An astronaut witnessed spectacular jets of electricity which was also caught on camera. We are all familiar with lightning coming down from clouds, but the rare form of lightning is the one where it blasts from clouds into outer space. This phenomenon was named by scientists blue jet. The massive electrical discharges are very difficult to be captured or filmed.
Usually, only airplane pilots can photograph these blue jets when they are located above an active thunderstorm. However, satellites managed to record this phenomenon, but the images are not very accurate. Based on the data provided by the Geophysical Research Letters, in January, an astronaut managed to capture these spectacular jets of electricity when in space, capturing it all on camera.
Specialists behind this research asked Andreas Mogensen, an astronaut for the European Space Agency (ESA) to start the “Thor experiment.” The mission consisted of documenting blue jets from the International Space Station (ISS). The ISS is situated at about 250 miles above our planet. Mogensen received a sensitive video camera, and he was asked to capture this spectacular lightning show.
The astronaut was able to register an active storm cell which was situated above the Bay of Bengal in India. If we were to analyze the footage, after the lighting coming from below the clouds illuminates them, there appears a blue cone of a jet of electricity which pulsates for a while before it shoots out of the top of the clouds.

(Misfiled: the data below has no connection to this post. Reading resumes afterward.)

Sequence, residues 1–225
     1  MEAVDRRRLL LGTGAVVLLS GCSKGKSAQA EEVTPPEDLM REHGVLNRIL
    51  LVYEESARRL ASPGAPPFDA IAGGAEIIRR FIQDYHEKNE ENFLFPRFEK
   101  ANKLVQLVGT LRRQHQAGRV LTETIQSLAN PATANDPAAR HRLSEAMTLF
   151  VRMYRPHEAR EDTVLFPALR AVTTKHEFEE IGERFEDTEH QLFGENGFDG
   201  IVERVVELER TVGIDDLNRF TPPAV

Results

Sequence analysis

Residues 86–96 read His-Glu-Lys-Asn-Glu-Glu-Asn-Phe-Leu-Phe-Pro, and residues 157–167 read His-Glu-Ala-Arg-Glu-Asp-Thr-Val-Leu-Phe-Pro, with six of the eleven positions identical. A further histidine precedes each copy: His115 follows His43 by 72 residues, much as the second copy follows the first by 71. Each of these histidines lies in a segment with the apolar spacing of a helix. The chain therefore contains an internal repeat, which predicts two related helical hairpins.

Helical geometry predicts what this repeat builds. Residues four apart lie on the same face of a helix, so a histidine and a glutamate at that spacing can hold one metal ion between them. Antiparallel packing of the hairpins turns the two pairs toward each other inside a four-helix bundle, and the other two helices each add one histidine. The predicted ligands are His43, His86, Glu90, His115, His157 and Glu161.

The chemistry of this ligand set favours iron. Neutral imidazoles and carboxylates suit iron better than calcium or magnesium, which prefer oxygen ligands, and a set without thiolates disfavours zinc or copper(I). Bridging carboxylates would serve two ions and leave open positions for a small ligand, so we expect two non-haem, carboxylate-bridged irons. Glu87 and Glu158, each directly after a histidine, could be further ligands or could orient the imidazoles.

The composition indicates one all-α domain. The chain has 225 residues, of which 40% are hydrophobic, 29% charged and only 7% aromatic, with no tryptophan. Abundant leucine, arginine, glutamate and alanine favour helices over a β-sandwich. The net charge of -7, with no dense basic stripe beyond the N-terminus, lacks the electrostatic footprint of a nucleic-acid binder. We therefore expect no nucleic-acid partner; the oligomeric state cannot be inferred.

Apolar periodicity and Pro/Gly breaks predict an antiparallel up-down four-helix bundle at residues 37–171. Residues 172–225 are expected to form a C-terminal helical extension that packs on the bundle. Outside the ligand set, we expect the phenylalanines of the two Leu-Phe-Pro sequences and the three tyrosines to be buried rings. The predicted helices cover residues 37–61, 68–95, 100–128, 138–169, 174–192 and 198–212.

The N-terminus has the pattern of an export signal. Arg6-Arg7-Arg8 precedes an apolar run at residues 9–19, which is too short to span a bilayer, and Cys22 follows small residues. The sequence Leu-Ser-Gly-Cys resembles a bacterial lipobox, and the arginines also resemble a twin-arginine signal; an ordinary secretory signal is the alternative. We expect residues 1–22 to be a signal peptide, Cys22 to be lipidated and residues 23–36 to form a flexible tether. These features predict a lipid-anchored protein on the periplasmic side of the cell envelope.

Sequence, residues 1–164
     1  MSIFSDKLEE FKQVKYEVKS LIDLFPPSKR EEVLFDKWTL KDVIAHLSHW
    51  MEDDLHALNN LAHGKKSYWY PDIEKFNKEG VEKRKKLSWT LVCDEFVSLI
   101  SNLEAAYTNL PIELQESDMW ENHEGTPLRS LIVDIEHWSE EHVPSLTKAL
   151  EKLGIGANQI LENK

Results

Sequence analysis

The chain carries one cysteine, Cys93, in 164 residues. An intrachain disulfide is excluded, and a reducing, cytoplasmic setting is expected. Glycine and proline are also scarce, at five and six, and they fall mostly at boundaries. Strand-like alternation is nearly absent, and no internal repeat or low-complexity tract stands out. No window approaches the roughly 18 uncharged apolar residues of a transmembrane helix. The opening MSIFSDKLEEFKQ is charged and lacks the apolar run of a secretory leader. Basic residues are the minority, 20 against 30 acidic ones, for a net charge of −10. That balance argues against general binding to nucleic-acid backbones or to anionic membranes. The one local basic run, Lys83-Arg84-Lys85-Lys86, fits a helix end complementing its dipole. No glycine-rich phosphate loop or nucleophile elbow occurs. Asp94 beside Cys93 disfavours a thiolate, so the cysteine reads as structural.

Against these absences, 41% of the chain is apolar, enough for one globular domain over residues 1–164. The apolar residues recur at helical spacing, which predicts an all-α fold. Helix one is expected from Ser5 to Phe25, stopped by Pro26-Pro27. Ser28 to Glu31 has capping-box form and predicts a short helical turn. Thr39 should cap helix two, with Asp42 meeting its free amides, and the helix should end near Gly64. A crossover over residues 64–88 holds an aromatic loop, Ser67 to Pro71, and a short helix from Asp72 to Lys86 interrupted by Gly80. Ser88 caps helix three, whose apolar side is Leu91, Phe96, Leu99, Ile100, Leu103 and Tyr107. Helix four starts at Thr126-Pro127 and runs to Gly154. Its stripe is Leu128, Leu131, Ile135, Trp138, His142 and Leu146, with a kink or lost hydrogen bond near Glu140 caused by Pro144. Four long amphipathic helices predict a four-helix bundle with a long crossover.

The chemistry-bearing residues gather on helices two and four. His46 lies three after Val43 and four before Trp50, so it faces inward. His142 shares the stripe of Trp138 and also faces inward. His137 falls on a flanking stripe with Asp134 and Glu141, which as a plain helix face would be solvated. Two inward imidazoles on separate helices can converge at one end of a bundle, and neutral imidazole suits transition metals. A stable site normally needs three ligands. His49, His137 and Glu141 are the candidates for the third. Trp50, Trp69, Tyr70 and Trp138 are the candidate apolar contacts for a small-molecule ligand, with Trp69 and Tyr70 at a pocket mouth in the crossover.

The blue jet rises about ten kilometers high, and then it disappears. Based on the information provided by the Geophysical Institute at the University of Alaska Fairbanks, the speed of this powerful lightning was estimated at 220,000 mph. The blue jet takes the form of a cone as it springs upwards. When they reach the edge of space, about 30 miles in height, they suddenly vanish.
It is almost impossible for researchers or astronauts to capture this phenomenon on camera, especially when it comes to also recording the red sprites which occur when they reach the edge of space. Nevertheless, scientists have started to carefully analyze these phenomena since the 1990s. Mogensen is a hero for providing such accurate images of the blue jets.
Researchers stated that this evidence is due to the massive and surprisingly active thunderstorm and Mogensen’s good angle when shooting blue jets.
Image courtesy of: wikipedia